Is this China’s lost decade? The economy is slowing, and now’s the time to focus on quality of life
Richard Harris says China’s decade of development was in the 2000s and as its economic growth inevitably slows, the real target for Beijing is to keep improving its GDP per capita to enhance quality of life for ordinary citizens
Looking north from Jingshan, the little hill just north of the Forbidden City in Beijing, one can see the ancient Drum Tower located between the Old Beijing first ring road and the second ring road that encloses the small houses and hutongs of the pre-1930s.
Between the second and third ring roads are expressionless four- or five-storey concrete blocks housing the migrants, factories and services of the Mao-era. The third and fourth ring roads are bounded by the tall, functional buildings that epitomise China’s modern development, kick-started by Deng Xiaoping’s southern tour in 1992.
Outside the fourth stands the exotic architecture and advanced engineering of the 2000s, exemplified by the towers in the Olympic Park that reflect the nation taking its place globally. The fifth ring road encloses land prepared for future development, while there is a sixth, 220km long, whose development has been stalled by China’s lost decade.
Chinese GDP rose by a staggering 1,100 per cent between 1992 and 2010. The global share of goods exports grew from 2 per cent to over 17 per cent. Income per head rose 970 per cent, 10 times faster than in the United States. A full half a billion people were lifted from rural poverty to middle-class comfort. No country in history has accomplished so much in so short a time for so many people.
When I stood on Jingshan in 2010, it was widely assumed that this meteoric rate of growth would continue – we were entering China’s decade – the decade when China’s economy would become bigger than the US’.
One of the lessons of investment, however, is that just when things are looking their best, the best may be over. The Shanghai Composite Index, the stock market and bellwether of an economy reflecting 8½ years of economic activity, is actually down 17 per cent since January 1, 2010. The yuan is also weaker against the US dollar. It reminded me that a full four years ago, I mused in these columns that the 2010s might be China’s lost decade, so as an update, I surfed the International Monetary Fund and World Bank databases.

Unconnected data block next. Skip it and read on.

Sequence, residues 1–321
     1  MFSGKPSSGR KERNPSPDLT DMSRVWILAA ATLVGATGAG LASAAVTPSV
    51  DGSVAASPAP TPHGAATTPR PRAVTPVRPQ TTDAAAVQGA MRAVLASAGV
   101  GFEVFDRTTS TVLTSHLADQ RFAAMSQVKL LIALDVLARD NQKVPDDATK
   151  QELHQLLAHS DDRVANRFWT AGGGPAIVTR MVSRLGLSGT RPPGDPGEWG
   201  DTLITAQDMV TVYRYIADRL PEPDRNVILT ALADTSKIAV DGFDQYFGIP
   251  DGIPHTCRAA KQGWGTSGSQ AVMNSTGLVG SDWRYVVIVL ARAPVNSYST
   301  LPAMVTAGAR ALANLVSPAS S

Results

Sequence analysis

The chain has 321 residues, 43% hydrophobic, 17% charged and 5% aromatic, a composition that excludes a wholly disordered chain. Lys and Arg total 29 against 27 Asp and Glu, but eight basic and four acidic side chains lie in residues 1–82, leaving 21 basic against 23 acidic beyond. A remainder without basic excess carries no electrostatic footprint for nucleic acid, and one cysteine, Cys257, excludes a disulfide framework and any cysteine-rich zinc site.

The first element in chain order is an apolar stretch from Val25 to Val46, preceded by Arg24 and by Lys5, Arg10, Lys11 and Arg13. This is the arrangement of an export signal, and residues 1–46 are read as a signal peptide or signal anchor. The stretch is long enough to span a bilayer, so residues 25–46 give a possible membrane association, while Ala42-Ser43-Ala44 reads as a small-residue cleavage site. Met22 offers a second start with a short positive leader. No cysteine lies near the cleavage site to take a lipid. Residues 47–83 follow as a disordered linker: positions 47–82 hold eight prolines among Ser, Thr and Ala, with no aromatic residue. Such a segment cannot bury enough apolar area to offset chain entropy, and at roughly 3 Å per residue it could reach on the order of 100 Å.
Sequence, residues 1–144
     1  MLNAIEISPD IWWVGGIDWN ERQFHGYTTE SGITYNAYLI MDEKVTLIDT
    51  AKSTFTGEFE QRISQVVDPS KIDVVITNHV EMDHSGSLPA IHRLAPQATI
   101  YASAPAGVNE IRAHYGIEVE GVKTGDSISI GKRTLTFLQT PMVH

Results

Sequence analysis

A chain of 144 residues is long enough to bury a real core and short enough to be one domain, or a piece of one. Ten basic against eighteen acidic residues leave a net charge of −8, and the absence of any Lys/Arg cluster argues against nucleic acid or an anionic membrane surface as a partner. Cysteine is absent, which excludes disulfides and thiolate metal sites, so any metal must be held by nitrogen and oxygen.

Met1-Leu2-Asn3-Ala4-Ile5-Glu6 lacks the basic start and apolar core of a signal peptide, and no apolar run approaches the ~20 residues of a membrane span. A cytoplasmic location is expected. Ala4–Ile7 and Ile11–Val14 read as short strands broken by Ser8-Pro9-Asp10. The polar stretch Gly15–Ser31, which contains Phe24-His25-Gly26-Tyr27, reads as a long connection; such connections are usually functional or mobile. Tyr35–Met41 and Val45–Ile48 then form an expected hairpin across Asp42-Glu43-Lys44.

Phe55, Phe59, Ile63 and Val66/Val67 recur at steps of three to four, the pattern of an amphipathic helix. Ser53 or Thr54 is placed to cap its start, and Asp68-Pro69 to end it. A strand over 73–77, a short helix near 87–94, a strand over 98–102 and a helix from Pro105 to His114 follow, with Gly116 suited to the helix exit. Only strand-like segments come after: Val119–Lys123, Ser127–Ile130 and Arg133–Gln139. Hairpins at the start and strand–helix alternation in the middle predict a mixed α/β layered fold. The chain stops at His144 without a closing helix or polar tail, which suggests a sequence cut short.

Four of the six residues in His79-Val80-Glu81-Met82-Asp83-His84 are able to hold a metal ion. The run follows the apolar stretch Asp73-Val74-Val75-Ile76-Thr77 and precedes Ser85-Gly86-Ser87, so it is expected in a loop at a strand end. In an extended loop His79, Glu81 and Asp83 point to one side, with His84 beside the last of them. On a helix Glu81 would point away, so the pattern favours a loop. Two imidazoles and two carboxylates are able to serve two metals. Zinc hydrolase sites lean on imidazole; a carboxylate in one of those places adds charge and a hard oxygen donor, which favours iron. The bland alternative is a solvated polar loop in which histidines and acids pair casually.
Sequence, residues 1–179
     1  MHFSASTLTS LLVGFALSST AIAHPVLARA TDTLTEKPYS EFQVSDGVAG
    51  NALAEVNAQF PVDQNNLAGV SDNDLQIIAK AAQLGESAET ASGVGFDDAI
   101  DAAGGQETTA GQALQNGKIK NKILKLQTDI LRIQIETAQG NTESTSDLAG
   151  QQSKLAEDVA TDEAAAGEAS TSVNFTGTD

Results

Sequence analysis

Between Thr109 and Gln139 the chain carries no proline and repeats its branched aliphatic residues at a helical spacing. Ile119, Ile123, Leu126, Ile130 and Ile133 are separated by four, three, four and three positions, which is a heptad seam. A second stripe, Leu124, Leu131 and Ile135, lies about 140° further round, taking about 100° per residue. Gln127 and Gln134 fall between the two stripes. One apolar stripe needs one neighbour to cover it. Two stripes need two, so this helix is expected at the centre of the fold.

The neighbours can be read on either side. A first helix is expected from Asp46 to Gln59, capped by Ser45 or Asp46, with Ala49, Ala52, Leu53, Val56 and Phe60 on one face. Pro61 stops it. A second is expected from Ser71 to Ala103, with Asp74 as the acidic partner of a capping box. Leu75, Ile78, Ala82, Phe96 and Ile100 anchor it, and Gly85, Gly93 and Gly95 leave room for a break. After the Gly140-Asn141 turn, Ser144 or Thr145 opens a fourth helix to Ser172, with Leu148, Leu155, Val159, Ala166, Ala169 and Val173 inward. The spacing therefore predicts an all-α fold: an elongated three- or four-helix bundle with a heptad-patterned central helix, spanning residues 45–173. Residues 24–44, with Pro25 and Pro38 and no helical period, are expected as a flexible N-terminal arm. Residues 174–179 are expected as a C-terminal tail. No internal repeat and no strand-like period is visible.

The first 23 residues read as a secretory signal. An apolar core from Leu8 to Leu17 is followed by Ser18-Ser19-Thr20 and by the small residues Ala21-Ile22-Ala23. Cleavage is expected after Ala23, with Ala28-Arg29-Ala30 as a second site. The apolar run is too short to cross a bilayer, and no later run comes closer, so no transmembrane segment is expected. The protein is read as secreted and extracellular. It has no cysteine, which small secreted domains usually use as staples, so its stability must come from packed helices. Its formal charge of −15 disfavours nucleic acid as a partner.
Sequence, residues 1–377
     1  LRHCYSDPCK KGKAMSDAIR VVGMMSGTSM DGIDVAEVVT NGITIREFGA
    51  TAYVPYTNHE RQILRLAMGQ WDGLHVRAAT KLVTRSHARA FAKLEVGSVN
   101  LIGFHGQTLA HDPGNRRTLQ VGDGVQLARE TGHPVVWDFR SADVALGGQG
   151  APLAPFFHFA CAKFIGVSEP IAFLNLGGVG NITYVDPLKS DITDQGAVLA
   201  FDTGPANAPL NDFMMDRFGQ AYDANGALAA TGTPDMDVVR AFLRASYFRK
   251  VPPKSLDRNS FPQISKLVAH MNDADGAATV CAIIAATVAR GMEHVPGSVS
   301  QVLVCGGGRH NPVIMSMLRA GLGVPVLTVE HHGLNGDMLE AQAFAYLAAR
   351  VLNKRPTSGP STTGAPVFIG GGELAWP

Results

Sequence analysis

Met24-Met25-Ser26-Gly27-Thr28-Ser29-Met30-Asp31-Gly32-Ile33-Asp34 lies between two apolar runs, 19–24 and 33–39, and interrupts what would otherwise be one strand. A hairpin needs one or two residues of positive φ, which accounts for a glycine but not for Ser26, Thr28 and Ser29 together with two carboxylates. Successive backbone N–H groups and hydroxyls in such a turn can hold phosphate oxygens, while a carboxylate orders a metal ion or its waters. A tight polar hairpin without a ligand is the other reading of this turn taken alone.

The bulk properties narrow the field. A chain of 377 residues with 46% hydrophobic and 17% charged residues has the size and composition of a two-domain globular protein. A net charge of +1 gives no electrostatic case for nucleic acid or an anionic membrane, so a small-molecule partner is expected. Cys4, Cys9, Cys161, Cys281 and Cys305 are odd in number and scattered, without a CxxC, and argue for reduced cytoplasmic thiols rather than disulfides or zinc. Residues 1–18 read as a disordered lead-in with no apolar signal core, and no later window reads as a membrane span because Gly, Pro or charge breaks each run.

The data shows Chinese annual economic growth has fallen from the over 10 per cent per annum to around 6 per cent this decade. This shouldn’t be a surprise as it is impossible for an economy of 1.4 billion people to grow above average forever. The current account surplus has fallen from 4 per cent to just over 1 per cent of GDP. The much-heralded foreign reserves stand at just 8 per cent more.
Total investment and savings rates are down. Chinese GDP per capita at current prices is still only 16 per cent of the US – although that metric will always suffer due to China’s giant population. Chinese government debt has increased by 52 per cent, reducing policymaker flexibility. It is likely that China’s underlying economic growth rate this year will be no bigger than the US’. This is China’s lost decade.
But since 2010, life for the average Chinese person has become distinctly better. Tens of millions have been better housed, with improved sanitation, communication and education; even pollution control is moving in the right direction. Ninety per cent of the poorest 100 million people have been lifted from poverty and infant mortality has sunk from 13.5 deaths per 1,000 to 8.5, close to the world’s top quartile.
The slowdown is not, as many Chinese intellectuals believe, because the whole world is against China. It is merely a reaction to the enormous growth of the two decades before 2010. Investors must look at the cycles of development from the perspective of decades. Europe boomed in the late 1980s as the Berlin Wall fell and investors shunned America.
A decade later, Europe was “sclerotic” and it was the US that had a “young, dynamic and digital” economy. China is now a developed economy and future growth will be incremental; with phases of investment opportunity broken by long periods of consolidation.
China’s decade of development was the 2000s, not the 2010s. Sheer numbers mean that the nation will inevitably exceed the GDP of the US in the 2020s. The real target for China will be to keep improving GDP per head to lift the quality of life for the ordinary citizen. It is not for nothing that another young country identified in its constitution that what people really seek is the pursuit of happiness.
Richard Harris is chief executive of Port Shelter Investment and is a veteran investment manager, banker, writer and broadcaster and financial expert witness.